2015-05-16T02:09:49Z

Celery and the Flask Application Factory Pattern

After I published my article on using Celery with Flask, several readers asked how this integration can be done when using a large Flask application organized around the application factory pattern. It's a very good question, as it is non-trivial to make Celery, which does not have a dedicated Flask extension, delay access to the application until the factory function is invoked.

In this article I'm going to describe in detail how I added Celery to Flasky, the application featured in my Flask book.

The Code

I know some of you are impatient, so let me direct you to the Github repository that has the modified Flasky application described in this article: http://github.com/miguelgrinberg/flasky-with-celery.

The first two commits in this repository import the Flasky application, as featured in my book. The changes to add Celery are all contained in the third and last commit.

Creating the Celery instance

The first problem that presents is how to create the celery object, which provides the celery.task decorator. The fact that it provides the decorator means that it has to be created as a global variable, and that implies that the Flask application instance is not going to be around when it is created.

Here is how I initialized the Celery instance in the single file application:

celery = Celery(app.name, broker=app.config['CELERY_BROKER_URL'])
celery.conf.update(app.config)

So this is a big problem, as I'm using app all over the place here. To adapt this bit of code to Flasky I had to get a bit creative. Here is what I did:

from celery import Celery
from config import config, Config

celery = Celery(__name__, broker=Config.CELERY_BROKER_URL)

def create_app(config_name):
    # ...
    celery.conf.update(app.config)
    # ...
    return app

The solution involves separating the creation and the configuration of the celery instance. I create the object as a global variable, but I delay its configuration until create_app() is invoked.

To make this work, I had to remove all references to app in the object creation. Instead of app.name I used __name__, which is what app.name will be initialized to later when the app factory function is called. The only configuration item that needs to be passed during creation is the URL of the broker, so to get that item before the application exists I had to import it directly from the Config class. The one problem that this creates is that it is not possible to have different brokers in different configurations, this item is fixed for all configurations.

The configuration portion is very easy. In the application factory function the application is available, so configuration works exactly as in the single file case.

Sending Asynchronous Emails Through Celery

To test this setup I converted the thread based email sending function to use Celery. This was surprisingly easy to do. Here is the relevant code:

from . import celery

@celery.task
def send_async_email(msg):
    mail.send(msg)

def send_email(to, subject, template, **kwargs):
app = current_app._get_current_object()
    msg = Message(app.config['FLASKY_MAIL_SUBJECT_PREFIX'] + ' ' + subject,
                  sender=app.config['FLASKY_MAIL_SENDER'], recipients=[to])
    msg.body = render_template(template + '.txt', **kwargs)
    msg.html = render_template(template + '.html', **kwargs)
    send_async_email.delay(msg)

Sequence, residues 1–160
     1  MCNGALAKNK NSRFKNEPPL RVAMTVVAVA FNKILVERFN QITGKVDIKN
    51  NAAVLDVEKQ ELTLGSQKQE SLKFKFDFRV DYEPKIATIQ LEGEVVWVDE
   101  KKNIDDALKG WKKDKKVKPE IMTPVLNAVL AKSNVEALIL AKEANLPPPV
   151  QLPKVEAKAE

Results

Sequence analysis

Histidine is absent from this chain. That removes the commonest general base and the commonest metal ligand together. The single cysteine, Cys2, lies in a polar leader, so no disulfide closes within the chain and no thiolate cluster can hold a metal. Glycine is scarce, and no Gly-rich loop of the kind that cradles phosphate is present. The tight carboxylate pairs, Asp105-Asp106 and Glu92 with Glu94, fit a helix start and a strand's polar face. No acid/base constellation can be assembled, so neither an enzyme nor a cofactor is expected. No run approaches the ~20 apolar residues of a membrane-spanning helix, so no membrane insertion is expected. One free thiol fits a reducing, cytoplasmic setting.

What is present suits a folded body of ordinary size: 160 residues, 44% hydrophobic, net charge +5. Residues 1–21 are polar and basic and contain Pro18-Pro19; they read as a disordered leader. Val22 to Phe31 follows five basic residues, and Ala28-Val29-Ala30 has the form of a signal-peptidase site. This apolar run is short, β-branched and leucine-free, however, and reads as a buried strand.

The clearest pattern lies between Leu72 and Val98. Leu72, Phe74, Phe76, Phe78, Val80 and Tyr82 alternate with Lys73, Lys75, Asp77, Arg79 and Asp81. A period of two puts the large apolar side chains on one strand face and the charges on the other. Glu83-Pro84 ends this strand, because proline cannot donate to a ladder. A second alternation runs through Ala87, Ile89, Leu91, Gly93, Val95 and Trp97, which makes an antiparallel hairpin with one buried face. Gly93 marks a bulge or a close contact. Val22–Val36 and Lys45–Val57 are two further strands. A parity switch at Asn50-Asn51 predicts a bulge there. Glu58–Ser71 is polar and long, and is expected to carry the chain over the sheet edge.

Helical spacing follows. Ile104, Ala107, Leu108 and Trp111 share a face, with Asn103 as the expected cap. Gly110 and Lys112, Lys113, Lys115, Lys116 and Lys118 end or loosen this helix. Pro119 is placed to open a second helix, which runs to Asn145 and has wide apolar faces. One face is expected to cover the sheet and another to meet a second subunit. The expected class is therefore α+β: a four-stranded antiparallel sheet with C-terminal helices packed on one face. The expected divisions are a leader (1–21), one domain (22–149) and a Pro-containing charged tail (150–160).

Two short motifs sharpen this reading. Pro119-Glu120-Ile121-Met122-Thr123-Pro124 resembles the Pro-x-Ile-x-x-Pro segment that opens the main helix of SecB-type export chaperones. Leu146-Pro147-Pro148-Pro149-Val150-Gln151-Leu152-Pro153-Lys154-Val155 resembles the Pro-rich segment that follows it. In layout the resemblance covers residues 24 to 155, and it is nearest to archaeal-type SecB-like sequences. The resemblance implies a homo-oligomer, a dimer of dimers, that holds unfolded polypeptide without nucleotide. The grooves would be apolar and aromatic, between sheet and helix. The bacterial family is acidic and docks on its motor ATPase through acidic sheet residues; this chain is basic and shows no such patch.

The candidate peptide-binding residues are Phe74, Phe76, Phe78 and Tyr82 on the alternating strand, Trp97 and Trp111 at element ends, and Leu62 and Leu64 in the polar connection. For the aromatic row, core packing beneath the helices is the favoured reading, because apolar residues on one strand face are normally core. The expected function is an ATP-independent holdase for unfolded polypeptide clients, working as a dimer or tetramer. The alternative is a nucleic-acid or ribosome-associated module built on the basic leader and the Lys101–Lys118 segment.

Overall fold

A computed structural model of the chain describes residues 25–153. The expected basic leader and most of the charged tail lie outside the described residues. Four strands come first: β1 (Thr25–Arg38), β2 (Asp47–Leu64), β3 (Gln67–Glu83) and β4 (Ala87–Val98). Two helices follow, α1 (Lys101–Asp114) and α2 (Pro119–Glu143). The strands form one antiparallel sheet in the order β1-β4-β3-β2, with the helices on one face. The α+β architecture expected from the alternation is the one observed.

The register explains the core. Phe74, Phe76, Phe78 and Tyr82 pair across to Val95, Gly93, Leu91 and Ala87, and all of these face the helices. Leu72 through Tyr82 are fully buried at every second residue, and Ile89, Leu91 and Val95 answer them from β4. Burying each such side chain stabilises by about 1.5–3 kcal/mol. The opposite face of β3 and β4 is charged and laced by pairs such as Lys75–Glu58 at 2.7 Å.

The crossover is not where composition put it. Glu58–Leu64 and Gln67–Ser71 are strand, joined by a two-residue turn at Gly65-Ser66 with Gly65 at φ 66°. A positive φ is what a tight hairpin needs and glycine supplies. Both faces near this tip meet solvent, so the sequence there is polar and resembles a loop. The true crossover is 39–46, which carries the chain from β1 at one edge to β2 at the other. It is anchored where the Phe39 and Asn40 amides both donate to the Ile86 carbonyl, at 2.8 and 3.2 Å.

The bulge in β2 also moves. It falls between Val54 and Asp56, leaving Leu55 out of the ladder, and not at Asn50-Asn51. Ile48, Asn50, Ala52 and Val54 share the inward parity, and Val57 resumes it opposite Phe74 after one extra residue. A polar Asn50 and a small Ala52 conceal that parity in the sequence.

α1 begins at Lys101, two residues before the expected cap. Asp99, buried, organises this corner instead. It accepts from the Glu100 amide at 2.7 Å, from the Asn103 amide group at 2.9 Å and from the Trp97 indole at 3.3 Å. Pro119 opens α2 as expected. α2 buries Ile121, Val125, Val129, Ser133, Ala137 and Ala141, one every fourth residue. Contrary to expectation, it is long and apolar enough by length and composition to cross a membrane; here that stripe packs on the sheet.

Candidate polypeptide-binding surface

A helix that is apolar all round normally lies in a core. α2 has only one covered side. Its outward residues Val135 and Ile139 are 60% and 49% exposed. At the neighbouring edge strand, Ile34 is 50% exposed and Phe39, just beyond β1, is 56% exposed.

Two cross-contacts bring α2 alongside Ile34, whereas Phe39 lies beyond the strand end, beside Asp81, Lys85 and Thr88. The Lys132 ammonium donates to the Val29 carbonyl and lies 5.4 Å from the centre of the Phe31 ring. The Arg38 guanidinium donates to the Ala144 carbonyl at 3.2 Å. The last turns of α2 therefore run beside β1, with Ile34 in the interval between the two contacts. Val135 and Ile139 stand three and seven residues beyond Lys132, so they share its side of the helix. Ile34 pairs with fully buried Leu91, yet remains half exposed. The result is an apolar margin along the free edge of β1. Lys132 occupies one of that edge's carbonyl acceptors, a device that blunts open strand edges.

Here I simply decorate the function that sends the email with celery.task, and then invoke it using the delay() method. In the thread based version the main thread passed the app variable to the background thread so that it can set up an application context (required by Flask-Mail), but I have removed that here because passing an application instance to the Celery worker process doesn't make much sense. Instead I want the worker to have its own Flask application, like I did in the single file example.

Setting Up The Celery Worker

The only remaining task is to launch a Celery worker. This process needs to have its own Flask application instance that can be used to create the context necessary for the Flask background tasks to run. For this I used a separate starter script, which I called celery_worker.py:

#!/usr/bin/env python
import os
from app import celery, create_app

app = create_app(os.getenv('FLASK_CONFIG') or 'default')
app.app_context().push()

This little script creates a Flask application and pushes an application context, which will remain set through the entire life of the process. Celery also needs access to the celery instance, so I imported it from the app package.

If you have an activated virtual environment, now you can start the Celery worker with the following command:

(venv) $ celery -A celery_worker.celery worker --loglevel=info

If you now start a Redis service and the Flasky application, everything should be working.

Conclusion

I hope this clarifies the setup of Celery, but if there are any remaining questions feel free to let me know below in the comments. If you want step-by-step instructions on how to run the example code, see the README file on the github repository.

Miguel

66 comments

  • #26 Miguel Grinberg said 2016-02-18T06:36:17Z

    @Nikolay: I believe Celery needs to know the broker from the start, yes. Not sure I understand where the circular import is. Can you show me an example?

  • #27 Jatayu said 2016-03-02T13:23:31Z

    Thanks Miguel.

    How many Flask app instances running in this scenario ?

    Is there a large Flask server running as the main application serving webpages/forms etc, and a separate Flask app running the Celery?

    Or are they one and the same Flask instance ?

    Is it even possible to have 2 Flask instance like I mentioned, and control the Celery from the other Flask instance ?

    What is the drawback of running Celery in the same Flask instance that serve the main we forms etc ?